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Re: text processing as *the* problem

At 03:08 PM 11/28/2001 -0500, Guy Steele - Sun Microsystems Labs wrote:
>    At 11:42 AM 11/28/2001 -0800, KELLEHER,KEVIN (Non-HP-Roseville,ex1) wrote:
>    >Are there any languages, even big languages, that were *built* with
>    >text processing in mind?  Are there approaches that are not limited
>    >to an implementation of regular-expression matching?
>    Well, there's always SNOBOL... I'm not sure what there is past
>    regexes--they're pretty much the next logical step past state-machinish
>    things.
>Well, one obvious step past regexes is parenthesis-balanced
>strings, which in general cannot be represented by regexes.

Yup, that's handy for one set of structured text. (Perl's regex engine's 
now capable of handling this, but it does require embedding pieces of 
executable code in the regex to count parens)

I've been thinking that regexes would be really useful if they could be 
extended out past the character level to the token level, so I could write 
something like:

    if (/(\{Adj})*\{Noun}/) {

to match a string that's got zero or more adjectives preceding a noun. (And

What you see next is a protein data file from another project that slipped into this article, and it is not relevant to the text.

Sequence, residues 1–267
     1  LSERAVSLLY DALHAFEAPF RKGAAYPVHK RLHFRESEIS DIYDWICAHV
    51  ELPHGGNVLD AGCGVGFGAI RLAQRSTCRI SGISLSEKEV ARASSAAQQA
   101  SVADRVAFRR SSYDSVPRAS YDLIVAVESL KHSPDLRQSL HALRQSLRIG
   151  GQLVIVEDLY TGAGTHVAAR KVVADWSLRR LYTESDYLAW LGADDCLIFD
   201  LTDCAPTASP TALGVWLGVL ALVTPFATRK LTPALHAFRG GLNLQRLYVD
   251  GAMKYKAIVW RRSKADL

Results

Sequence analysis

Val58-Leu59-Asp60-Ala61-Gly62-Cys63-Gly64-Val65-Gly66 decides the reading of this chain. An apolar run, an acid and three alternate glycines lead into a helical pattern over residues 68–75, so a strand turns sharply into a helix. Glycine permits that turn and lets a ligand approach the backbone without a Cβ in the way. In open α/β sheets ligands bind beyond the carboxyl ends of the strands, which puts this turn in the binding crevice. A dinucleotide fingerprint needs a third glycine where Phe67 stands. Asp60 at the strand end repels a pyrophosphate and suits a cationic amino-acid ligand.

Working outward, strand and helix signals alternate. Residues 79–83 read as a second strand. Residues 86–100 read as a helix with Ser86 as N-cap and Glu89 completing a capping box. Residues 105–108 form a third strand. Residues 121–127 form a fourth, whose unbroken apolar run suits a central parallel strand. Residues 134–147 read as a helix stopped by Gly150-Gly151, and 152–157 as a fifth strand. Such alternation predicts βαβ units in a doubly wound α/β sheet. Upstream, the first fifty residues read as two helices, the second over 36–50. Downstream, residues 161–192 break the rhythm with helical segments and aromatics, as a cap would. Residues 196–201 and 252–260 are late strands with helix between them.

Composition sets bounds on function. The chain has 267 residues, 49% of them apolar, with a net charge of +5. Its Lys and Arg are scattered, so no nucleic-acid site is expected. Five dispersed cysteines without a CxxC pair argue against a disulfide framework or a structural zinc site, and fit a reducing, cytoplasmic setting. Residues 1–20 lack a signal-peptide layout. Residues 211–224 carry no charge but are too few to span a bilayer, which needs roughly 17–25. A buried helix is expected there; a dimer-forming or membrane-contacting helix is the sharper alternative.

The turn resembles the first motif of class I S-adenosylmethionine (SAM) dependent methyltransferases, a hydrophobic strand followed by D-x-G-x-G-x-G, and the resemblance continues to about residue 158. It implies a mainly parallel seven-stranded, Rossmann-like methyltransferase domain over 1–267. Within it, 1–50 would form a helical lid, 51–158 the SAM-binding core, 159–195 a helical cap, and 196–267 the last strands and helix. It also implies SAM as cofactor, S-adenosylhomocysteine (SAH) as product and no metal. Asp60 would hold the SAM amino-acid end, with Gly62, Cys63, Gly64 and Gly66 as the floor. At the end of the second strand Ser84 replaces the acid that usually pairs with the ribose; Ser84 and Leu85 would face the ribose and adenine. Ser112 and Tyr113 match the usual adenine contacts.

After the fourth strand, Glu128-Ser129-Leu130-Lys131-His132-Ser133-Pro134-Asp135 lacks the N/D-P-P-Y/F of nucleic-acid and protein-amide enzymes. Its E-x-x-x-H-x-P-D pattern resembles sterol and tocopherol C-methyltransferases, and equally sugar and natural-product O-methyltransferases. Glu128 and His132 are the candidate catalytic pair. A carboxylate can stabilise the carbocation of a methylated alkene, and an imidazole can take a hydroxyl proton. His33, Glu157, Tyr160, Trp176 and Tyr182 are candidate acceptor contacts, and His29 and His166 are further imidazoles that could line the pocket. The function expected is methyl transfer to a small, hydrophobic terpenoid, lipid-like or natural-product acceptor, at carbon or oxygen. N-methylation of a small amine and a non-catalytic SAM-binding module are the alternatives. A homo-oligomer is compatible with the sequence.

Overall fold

yes, I'm painfully aware of how difficult the classification of words into 
parts of speech is--it's an example easily understandable by us but not 
necessarily easy to implement) When contemplating how to make Parrot's 
parser, I've really wanted to be able to do regular expressions against 
streams of tokens rather than streams of characters.

>Small surprise that SNOBOL had a built-in primitive for
>matching a parenthesis-balanced string.  Once you have that,
>you have Lisp (sort of); you can build string patterns that
>will take CAR and CDR.  Regexes alone don't quite get you there.

Nope, definitely not. Which means regexes aren't really turing complete, 
which is probably a good thing. (I'd put forth the horror which would be 
GCC re-implemented as a perl regular expression, but that'd be cruel... :)

Still, the question remains--what besides plain regexes would be 
interesting to have when doing string processing? Dealing with tightly 
structured nested data structures (like XML or Lisp) is one, but I'm sure 
there are others.


--------------------------------------"it's like this"-------------------
Dan Sugalski                          even samurai
dan@sidhe.org                         have teddy bears and even
                                      teddy bears get drunk